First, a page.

Group: Terminator and SLAyer team / Programming Principles and Tools 
Location: Microsoft Research, Cambridge (UK) 
Start date: Flexible 

SLAyer is a software analysis tool that automatically proves properties about 
the data-structures constructed/modified by concurrent systems-level code.  
Terminator is an additional componenet designed to prove termination and 
liveness properties.  The joint SLAyer/Terminator team is looking for a 
developer interested in building the first production version of these tools. 
This position is in Microsoft's Research division. It will involve a close 
partnership with Windows Static Driver Verifier team in Redmond, WA. 

This position will include: 
* Developing the internal components within Terminator and SLAyer 
* Integrating Terminator and SLAyer with the Static Driver Verifier product 
* Developing additional infrastructure for future program verification tools 

For more information about Terminator and SLAyer see: 

Candidates should have the following technical qualifications: 
* MS. or Ph.D. in Computer Science 
* 2+ years development experience highly desirable (e.g. experience shipping 
* Knowledge of algorithms and techniques of program analysis is necessary, at 
least, from one of the two angles: formal verification or compiler design. It 
is expected to be based on college education or 2+ years of industrial 
* Experience with ML-like programming language (F#, OCaml) is highly desirable 
* Knowledge of and experience with OS internals or driver development is a 
* Good communication and inter-personal skills 
* Leadership abilities and cross-team collaboration skills 

To apply or request further details, please contact our Human Resources 
Department by email:

Closing date for applications is Friday, 30 November 2007. 
Microsoft Research is an equal opportunities employer

Some commercial software written in OCaml


John Whitington announced:
Commercial software written in OCaml being somewhat rare, I hope you'll 
forgive this advertisement. 

I've released some command line tools for manipulating PDF files, based 
on the open-source library CamlPDF, which I announced here some time   

Demo and Manual at 

A new version of CamlPDF will be released soon, reflecting the updated 
facilities used  by the commercial tools.

SDFlow: combinatorial dataflow programming library


Zheng Li announced:
The recent discussion [1] reminds me of some previous exploration on related 
topics. By making some clean up to the old code, I'd like to announce the 
availability of SDFlow, a small library for high-level combinatorial dataflow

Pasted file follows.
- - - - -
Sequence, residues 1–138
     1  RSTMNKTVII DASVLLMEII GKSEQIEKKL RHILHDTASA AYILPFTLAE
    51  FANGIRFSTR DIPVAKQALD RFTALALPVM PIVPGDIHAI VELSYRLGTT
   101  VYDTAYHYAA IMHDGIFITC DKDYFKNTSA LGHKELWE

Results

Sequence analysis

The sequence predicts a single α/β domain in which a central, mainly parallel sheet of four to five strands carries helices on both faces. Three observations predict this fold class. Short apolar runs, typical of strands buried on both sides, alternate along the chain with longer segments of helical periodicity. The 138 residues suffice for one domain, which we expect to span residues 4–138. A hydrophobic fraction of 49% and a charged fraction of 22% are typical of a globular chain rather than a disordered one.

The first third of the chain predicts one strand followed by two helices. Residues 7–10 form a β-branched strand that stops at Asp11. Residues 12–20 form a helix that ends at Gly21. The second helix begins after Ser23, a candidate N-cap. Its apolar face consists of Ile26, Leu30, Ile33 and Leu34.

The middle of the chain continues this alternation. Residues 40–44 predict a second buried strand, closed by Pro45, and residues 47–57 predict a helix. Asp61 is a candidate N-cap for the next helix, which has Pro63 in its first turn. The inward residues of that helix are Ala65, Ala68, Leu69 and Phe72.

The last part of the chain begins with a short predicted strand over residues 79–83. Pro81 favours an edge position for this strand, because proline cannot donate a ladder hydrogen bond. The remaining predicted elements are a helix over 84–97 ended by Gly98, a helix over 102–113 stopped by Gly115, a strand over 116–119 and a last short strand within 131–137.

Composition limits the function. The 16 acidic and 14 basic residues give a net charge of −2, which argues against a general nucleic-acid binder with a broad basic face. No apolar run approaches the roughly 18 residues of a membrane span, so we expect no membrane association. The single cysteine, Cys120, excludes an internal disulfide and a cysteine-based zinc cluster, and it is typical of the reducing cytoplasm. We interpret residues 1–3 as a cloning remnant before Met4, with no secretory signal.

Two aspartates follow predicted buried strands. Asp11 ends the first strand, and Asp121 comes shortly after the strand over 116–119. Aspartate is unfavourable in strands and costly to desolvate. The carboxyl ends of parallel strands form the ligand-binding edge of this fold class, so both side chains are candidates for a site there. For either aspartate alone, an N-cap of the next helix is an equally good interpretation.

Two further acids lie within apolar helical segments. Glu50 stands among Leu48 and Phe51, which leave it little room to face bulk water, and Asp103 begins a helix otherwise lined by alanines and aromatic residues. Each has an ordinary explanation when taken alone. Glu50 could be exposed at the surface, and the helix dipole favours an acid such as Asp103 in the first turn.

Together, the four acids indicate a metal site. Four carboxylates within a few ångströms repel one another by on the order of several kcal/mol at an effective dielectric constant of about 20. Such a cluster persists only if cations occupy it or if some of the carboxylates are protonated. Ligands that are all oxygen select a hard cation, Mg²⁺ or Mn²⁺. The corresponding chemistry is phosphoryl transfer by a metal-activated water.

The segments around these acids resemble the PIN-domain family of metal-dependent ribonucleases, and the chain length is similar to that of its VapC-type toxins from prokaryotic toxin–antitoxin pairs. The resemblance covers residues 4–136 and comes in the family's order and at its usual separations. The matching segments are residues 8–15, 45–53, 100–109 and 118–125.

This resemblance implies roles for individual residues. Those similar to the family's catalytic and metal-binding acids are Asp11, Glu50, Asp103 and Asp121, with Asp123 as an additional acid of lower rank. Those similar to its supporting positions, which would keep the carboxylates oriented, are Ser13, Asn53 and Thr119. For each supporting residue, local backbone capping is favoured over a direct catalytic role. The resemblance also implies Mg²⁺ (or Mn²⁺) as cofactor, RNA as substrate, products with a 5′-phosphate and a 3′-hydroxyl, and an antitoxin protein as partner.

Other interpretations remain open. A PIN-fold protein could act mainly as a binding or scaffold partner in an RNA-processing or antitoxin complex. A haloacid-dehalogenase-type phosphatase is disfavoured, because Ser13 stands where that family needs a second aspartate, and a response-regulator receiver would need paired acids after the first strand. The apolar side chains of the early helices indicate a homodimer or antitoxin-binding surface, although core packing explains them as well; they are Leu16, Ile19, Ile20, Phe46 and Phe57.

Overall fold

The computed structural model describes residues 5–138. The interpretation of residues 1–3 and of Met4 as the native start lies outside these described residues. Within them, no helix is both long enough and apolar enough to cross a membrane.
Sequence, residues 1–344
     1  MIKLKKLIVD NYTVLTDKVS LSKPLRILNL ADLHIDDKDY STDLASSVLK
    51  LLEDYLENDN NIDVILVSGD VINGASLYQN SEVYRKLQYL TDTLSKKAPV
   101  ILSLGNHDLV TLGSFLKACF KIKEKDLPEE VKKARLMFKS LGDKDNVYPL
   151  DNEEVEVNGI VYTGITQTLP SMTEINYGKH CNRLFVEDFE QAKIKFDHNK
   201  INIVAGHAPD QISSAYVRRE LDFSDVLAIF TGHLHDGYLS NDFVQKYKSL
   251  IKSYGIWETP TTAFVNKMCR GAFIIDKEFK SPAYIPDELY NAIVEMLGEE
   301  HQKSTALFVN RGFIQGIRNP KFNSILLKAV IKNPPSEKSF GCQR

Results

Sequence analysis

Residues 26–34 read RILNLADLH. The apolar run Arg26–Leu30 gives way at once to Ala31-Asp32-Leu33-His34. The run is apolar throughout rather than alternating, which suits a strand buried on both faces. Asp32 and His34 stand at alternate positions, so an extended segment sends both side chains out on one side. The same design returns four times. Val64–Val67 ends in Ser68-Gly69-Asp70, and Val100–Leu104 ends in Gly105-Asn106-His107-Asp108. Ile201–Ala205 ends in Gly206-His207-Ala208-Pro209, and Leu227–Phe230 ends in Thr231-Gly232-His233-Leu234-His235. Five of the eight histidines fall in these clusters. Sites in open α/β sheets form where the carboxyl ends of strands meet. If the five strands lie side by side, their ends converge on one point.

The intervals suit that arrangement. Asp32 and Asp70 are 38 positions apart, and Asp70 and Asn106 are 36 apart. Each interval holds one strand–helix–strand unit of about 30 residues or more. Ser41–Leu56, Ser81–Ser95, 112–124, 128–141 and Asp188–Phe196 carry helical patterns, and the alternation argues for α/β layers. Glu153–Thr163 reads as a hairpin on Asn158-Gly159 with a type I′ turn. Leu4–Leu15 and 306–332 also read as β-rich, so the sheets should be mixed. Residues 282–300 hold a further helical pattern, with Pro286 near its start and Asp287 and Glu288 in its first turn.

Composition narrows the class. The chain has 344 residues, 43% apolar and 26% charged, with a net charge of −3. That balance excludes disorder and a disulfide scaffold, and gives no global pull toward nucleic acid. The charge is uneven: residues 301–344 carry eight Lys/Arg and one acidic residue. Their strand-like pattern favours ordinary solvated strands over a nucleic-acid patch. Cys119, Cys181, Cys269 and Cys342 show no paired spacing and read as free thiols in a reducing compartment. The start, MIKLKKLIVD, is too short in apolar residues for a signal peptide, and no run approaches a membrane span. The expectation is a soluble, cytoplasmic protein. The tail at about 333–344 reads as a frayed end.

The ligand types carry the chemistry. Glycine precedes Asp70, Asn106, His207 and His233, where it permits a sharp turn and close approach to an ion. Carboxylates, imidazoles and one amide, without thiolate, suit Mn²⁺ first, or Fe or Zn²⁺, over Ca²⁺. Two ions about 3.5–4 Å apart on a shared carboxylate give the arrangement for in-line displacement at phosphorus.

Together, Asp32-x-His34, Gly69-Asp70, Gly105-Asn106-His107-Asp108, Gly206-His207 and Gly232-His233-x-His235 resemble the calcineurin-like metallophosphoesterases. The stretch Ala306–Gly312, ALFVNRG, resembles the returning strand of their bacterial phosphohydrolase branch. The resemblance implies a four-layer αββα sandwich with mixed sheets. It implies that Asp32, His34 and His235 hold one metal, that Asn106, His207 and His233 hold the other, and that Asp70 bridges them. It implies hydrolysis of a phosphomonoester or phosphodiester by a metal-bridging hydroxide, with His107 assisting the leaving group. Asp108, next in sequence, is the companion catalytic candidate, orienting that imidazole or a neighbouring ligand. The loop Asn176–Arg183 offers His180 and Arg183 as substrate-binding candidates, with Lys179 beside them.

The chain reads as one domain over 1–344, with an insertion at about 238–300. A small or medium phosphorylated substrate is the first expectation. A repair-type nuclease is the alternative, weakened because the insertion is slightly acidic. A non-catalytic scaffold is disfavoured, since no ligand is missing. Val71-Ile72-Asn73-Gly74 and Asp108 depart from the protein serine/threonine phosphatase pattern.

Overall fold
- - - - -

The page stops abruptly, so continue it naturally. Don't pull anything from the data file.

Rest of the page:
programming in OCaml. 

The library is licensed under LGPL+linking exception. You can get everything 
related at 

Note that the code is still experimental, and poorly documented for the 


The following part is extracted from README: 


== Description == 

SDFlow stands for Structured Data Flow. It's a high-level combinatorial 
dataflow programming library based upon destructive(*) lazy streams. Its base 
type is compatible with stream of standard OCaml. 

== Introduction == 

Besides the only kind of practical applications we have in mind --- to help 
constructing alternative dataflow interfaces for other libraries, the main 
functionality of the library is just "for fun". You can experience the 
following programming paradigms with SDFlow in plain OCaml: 

  * combinatorial dataflow programming 
  * programming with lazy sequence 
  * deterministic non-strict evaluation 
  * pointfree programming (or one-liner programming) 

Primitives provided: 

  * conversion: 
      of_fun, of_list, of_string, of_channel 
      to_fun, to_list, to_string, to_channel 
  * flow creation: 
      seq, enum, repeat, cycle, (--) 
  * flow consuming: 
      peek, next, iter, foldl/foldr/fold 
  * flow arithmetic: 
      cons, apnd, is_empty, filter, concat, 
      take/drop, take_/drop_while, span/break, group 
  * flows pair arithmetic: 
      dup, comb/split, merge/switch 
  * flows array arithmetic: 
      dupn, combn/splitn, mergen/switchn 
  * computation over flow 
      map, map2, scanl, scan, map_fold 
  * circular flow 
      feedl/feelr, circ 
  * high-level flow combinator 
      while_do/do_while, farm, pipe(///), pardo(//) 
  * shorthand operator and helper 
      |>, @., |-, -|, //, curry/uncurry, id 

The library is currently short of documentation, you'd better refer to the 
manual page. 

== Example == 

* sum(n) sequence 

# let sums = enum 1 |> scan (+);; 
val sums : int flow = <abstr> 
# sums |> take_while ((>) 100) |> to_list;; 
- : int list = [1; 3; 6; 10; 15; 21; 28; 36; 45; 55; 66; 78; 91] 

* Fibonacci number sequence 

# let fibs = map2 (+) |- circ [<'1>] |> circ [<'0;'0>];; 
val fibs : int flow = <abstr> 
# fibs |> take 10 |> to_list;; 
- : int list = [1; 1; 2; 3; 5; 8; 13; 21; 34; 55] 

* stupid computation 

      3+33  6+33  9+33  12+33  15+33  18+33 
c = [ ----, ----, ----, -----, -----, -----, ... ) 
        2     4     8     10     14     16 

# let modv v x = x mod v = 0;; 
# let cl = uncurry (map2(/)) -| map((+)33) // filter(modv 2) -| switch(modv 3);; 
val cl : int flow -> int flow = <fun> 
# enum 1 |> cl |> take_while ((<) 1) |> iter print_int;; 
1895433222222- : unit = () 

* remove every 3th 

# let mv3 = cycle [<'true;'true;'false>] |> curry comb |- filter fst |- map snd;; 
val mv3 : '_a flow -> '_a flow = <fun> 
# enum 1 |> mv3 |> take 15 |> to_list;; 
- : int list = [1; 2; 4; 5; 7; 8; 10; 11; 13; 14; 16; 17; 19; 20; 22] 

* group sum 

group and sum when (sum mod 6) = 0 
e.g. [ 1+2+3, 4+5+6+7+8, 9+10+11, 12+13+14+15, 16+17+18+19+20, 21+22+23, ... ] 

# let f a x = let r = a+x in r, if modv 6 r then Some true else None;; 
# enum 1 |> map_fold f |> take 10 |> to_list;; 
- : int list = [6; 30; 30; 54; 90; 66; 102; 150; 102; 150] 

* non-strict evaluation 

Strict computation over 5 loops forever, all the rest computation is blocked. 

# 1--9 |> (while_do ((=)5) (map id) |- iter (print_int |- flush_all));; 
1234  C-c C-cInterrupted. 

We can still evaluate the rest if we increase the capacity of do_while's sub 
dataflow network. Note that the evaluation is non-strict but deterministic. 

# 1--9 |> (while_do ~size:2 ((=)5) (map id) |- iter (print_int |- flush_all));; 
  C-c C-cInterrupted. 

(*) It won't be particularly difficult to implement another persistent version, 
like lazy list. But for now I haven't seen enough reason to do so.

Using folding to read the cwn in vim 6+

Here is a quick trick to help you read this CWN if you are viewing it using vim (version 6 or greater).

:set foldmethod=expr
:set foldexpr=getline(v:lnum)=~'^=\\{78}$'?'&lt;1':1

If you know of a better way, please let me know.

Old cwn

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Alan Schmitt